Chicago
public television station WTTW
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Cornwall, Ontario
Cornwall
Cornwall
is a city in Eastern Ontario, Canada, and the seat of the United Counties of Stormont, Dundas and Glengarry
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Media Market
A media market, broadcast market, media region, designated market area (DMA), television market area, or simply market is a region where the population can receive the same (or similar) television and radio station offerings, and may also include other types of media including newspapers and Internet
Internet
content. They can coincide or overlap with one or more metropolitan areas, though rural regions with few significant population centers can also be designated as markets. Conversely, very large metropolitan areas can sometimes be subdivided into multiple segments. Market regions may overlap, meaning that people residing on the edge of one media market may be able to receive content from other nearby markets. They are widely used in audience measurements, which are compiled in the United States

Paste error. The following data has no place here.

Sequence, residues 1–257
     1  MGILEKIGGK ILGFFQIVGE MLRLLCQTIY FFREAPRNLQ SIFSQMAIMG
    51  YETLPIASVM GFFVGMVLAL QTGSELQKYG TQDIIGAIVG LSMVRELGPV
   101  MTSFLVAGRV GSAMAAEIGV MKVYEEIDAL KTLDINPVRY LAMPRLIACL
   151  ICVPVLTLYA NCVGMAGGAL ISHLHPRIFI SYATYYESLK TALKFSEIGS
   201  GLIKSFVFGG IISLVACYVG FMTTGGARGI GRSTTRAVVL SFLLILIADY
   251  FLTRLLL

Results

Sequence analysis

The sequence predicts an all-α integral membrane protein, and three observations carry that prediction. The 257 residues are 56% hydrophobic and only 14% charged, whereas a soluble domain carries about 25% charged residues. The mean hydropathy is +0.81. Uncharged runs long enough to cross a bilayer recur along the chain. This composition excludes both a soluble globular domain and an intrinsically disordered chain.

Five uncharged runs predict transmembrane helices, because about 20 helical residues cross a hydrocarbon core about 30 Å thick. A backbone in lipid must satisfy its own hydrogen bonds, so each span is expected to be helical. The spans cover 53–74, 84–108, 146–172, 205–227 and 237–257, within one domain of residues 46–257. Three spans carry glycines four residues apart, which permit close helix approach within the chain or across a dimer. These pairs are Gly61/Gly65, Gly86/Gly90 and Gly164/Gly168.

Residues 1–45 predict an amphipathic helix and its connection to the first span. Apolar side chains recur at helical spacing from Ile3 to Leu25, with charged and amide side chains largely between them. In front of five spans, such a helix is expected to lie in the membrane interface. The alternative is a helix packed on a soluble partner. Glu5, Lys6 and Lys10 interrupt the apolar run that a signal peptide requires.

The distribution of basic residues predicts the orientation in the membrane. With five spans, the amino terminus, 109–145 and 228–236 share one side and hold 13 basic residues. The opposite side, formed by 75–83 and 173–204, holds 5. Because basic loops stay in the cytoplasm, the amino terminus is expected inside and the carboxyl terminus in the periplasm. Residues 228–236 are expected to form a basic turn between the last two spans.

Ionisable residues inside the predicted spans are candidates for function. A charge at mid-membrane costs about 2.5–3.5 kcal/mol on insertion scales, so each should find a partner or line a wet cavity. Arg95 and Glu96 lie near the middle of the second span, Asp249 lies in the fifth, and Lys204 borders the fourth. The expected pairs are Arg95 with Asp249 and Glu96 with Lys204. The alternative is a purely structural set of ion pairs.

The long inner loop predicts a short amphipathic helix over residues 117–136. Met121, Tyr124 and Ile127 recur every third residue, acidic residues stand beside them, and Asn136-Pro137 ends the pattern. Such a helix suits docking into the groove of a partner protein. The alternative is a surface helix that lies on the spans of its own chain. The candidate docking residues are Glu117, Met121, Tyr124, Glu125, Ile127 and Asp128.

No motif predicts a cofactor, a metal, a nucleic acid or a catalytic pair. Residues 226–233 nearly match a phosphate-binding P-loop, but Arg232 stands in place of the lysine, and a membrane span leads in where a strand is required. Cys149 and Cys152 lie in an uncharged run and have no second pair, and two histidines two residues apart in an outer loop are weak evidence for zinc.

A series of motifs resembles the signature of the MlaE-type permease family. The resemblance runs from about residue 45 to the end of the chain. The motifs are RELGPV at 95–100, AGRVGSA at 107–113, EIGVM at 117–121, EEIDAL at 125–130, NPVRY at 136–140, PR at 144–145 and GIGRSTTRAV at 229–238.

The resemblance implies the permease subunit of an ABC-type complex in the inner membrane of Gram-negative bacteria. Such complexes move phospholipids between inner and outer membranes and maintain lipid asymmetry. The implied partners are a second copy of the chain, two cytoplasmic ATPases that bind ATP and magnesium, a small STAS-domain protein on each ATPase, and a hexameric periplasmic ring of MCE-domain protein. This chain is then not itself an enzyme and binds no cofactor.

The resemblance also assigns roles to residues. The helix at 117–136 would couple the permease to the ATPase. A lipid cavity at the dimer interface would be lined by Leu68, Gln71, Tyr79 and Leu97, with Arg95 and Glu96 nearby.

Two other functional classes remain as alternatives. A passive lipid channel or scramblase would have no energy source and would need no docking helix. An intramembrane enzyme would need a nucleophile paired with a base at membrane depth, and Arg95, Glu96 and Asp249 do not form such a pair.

United States
by Nielsen Media Research
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Television Film
A television film (also known as a TV movie, TV film, television movie, telefilm, telemovie, made-for-television movie, made-for-television film, direct-to-TV movie, direct-to-TV film, movie of the week, feature-length drama, single drama and original movie) is a feature-length motion picture that is produced for, and originally distributed by or to, a television network, in contrast to theatrical films, which are made explicitly for initial showing in movie theaters.Contents1 Origins and history 2 Examples 3 Production and quality 4 Movie-length episodes of television shows 5 See also 6 References 7 BibliographyOrigins and history[edit] Though not exactly labeled as such, there were early precedents for "television movies", such as Talk